Whether your old wood cabinet, chair or table is covered in varnish or paint, stripping and refinishing it will dramatically enhance the look. There are several methods of stripping wood furniture, but the chemical method is generally easiest, giving you greater control and faster results than heat-stripping or sanding. Then it's just a matter of applying a rich wood stain topped with gloss (varnish for a matt shine, polyurethane for a glassy one).
Remove any non-wood fixtures or hardware from the furniture. Lay plastic tarps under it. Put on rubber gloves and goggles.
Brush liquid stripper onto the wood surface, starting at the highest point and working down. Work in sections of a few feet, letting the stripper sit on the surface for a few minutes, until the existing paint or varnish starts to bubble and soften.
Scrape off the softened finish, using your plastic putty knife.
Soak a nylon scrub pad in paint thinner, and scrub the whole surface to remove all residual finish and stripper. Re-soak the pad in thinner as needed. Get the whole surface clean and bare. Let it dry overnight.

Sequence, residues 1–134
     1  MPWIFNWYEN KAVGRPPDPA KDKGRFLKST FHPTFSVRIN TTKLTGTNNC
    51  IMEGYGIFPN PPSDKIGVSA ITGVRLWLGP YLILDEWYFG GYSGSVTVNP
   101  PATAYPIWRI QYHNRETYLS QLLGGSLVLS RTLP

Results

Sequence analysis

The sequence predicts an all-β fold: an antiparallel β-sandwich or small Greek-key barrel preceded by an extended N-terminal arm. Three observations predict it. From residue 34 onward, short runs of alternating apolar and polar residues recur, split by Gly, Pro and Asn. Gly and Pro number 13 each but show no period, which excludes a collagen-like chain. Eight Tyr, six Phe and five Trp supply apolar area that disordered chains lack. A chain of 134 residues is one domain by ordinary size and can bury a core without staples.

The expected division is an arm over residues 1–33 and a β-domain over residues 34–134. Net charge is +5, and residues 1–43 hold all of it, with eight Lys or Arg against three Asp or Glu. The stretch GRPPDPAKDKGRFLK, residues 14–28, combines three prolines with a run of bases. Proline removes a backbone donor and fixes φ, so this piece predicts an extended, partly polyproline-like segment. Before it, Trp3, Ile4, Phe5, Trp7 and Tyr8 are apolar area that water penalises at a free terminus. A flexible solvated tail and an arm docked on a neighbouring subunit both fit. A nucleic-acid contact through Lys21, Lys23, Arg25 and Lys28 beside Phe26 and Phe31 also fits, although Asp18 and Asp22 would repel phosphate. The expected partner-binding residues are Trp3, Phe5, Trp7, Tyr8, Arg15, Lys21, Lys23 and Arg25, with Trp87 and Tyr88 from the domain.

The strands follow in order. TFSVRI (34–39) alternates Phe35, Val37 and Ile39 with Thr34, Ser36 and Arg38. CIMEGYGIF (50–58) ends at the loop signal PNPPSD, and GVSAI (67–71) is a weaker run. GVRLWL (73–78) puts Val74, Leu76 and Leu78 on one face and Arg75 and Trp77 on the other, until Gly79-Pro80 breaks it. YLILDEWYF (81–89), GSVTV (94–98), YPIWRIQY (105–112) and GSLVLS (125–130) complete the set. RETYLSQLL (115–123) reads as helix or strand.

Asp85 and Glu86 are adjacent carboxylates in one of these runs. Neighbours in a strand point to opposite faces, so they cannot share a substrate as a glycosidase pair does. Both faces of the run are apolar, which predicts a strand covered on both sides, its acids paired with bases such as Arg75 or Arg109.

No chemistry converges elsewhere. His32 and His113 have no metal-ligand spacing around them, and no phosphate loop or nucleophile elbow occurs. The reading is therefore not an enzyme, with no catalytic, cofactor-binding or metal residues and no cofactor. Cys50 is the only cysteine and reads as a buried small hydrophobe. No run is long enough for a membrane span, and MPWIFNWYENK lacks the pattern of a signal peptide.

Lightly sand the surface by hand with fine sandpaper, making sure to get into all the crevices. Wipe off the dust.
Apply wood stain to the furniture, brushing it on heavily in small areas, letting it sit for a minute, and then wiping off the excess with paper towels. Stain the whole piece. Let it dry for a day.
Brush on varnish or polyurethane, starting at the top and working down. Brush it in very thin, even strokes, avoiding bubbles. Let it dry for four hours.
Hand-sand the dry gloss very lightly with fine sandpaper. Re-apply a second coat of gloss, and let dry. Repeat the process for a third coat. Don't sand the third coat, but let it dry for a day.
Ventilate the area when applying stripper and stains.
Tips and warnings
- Ventilate the area when applying stripper and stains.